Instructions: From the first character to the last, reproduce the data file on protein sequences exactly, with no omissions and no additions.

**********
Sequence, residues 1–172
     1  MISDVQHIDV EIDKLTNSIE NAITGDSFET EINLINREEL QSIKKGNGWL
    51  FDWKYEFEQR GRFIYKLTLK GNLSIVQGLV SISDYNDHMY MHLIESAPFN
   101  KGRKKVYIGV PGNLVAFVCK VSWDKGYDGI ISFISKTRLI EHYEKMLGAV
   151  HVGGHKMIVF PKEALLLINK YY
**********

Sequence, residues 1–172
     1  MISDVQHIDV EIDKLTNSIE NAITGDSFET EINLINREEL QSIKKGNGWL
    51  FDWKYEFEQR GRFIYKLTLK GNLSIVQGLV SISDYNDHMY MHLIESAPFN
   101  KGRKKVYIGV PGNLVAFVCK VSWDKGYDGI ISFISKTRLI EHYEKMLGAV
   151  HVGGHKMIVF PKEALLLINK YY